You have viewed 1 newspapers today. Please Register in order to view more newspapers.
We are retrieving your image from the archive...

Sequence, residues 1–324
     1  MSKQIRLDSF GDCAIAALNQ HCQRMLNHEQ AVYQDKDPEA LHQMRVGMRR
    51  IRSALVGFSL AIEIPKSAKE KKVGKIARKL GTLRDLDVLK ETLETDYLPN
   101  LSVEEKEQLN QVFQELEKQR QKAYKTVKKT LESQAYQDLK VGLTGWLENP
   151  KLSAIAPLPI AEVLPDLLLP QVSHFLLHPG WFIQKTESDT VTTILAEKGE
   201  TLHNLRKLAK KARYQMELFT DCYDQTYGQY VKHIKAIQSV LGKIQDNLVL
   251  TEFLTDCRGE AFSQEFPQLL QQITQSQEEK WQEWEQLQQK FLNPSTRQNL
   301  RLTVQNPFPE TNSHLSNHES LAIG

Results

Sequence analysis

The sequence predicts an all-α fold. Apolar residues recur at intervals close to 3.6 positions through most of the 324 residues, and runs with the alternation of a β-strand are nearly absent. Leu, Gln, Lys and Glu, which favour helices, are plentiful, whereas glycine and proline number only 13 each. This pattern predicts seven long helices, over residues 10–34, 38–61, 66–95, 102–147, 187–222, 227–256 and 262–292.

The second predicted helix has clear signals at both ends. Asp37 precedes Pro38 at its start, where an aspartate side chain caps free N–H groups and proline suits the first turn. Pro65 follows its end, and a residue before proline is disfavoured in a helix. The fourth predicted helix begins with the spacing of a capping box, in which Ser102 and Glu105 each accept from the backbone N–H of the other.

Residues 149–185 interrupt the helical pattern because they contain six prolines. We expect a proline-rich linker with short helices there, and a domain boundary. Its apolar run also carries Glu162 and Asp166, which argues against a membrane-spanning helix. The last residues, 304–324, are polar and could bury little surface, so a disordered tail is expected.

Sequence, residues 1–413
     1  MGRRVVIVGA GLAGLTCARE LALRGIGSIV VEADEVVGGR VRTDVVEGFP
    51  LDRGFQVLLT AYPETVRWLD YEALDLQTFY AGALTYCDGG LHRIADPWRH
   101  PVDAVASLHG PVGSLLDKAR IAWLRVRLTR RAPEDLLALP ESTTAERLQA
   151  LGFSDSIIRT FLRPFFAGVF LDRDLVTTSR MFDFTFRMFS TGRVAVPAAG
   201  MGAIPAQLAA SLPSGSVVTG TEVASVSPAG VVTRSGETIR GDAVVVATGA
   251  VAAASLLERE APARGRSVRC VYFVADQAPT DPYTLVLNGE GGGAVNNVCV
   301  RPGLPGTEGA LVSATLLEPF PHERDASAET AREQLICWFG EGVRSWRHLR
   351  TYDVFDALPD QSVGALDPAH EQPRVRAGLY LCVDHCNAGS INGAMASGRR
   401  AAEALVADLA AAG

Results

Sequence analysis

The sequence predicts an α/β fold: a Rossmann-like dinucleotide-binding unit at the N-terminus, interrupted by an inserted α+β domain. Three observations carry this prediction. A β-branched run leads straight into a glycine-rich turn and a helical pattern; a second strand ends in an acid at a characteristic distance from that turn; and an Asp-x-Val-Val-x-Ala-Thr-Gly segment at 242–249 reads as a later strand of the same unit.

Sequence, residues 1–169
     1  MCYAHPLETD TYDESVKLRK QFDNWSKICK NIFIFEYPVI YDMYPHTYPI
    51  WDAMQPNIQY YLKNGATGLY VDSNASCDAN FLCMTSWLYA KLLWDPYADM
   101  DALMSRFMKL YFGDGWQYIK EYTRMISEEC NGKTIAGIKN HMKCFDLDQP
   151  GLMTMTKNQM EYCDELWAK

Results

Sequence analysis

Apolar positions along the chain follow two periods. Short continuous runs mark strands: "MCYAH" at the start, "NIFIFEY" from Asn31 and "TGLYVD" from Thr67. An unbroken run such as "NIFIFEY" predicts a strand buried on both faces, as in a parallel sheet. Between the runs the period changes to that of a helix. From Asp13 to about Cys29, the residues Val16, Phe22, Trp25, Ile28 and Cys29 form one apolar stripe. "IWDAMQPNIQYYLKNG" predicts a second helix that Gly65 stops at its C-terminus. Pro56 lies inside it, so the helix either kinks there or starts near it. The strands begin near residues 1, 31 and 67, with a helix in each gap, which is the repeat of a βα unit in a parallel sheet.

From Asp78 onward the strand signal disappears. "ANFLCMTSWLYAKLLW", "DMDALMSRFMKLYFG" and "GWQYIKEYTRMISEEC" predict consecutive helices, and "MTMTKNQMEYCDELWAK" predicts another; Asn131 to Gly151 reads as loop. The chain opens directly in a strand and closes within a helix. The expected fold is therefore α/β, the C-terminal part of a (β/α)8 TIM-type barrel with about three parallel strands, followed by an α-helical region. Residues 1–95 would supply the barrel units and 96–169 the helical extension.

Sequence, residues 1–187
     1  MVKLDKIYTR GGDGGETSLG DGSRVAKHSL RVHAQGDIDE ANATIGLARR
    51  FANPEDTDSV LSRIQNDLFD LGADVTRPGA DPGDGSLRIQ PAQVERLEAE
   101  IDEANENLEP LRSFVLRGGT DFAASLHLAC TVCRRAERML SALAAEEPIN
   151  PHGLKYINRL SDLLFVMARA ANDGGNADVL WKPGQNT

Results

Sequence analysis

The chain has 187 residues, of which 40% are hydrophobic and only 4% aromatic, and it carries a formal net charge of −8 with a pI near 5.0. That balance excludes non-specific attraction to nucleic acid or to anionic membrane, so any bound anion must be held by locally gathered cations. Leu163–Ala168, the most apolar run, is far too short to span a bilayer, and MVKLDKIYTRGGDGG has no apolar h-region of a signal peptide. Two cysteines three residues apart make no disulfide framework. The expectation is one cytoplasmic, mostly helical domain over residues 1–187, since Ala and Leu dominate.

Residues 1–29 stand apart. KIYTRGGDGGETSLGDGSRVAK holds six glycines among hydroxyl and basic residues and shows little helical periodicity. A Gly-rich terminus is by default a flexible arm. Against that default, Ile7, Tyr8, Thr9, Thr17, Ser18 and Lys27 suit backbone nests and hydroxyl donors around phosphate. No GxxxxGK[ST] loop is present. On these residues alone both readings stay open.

We are converting your image into tiles...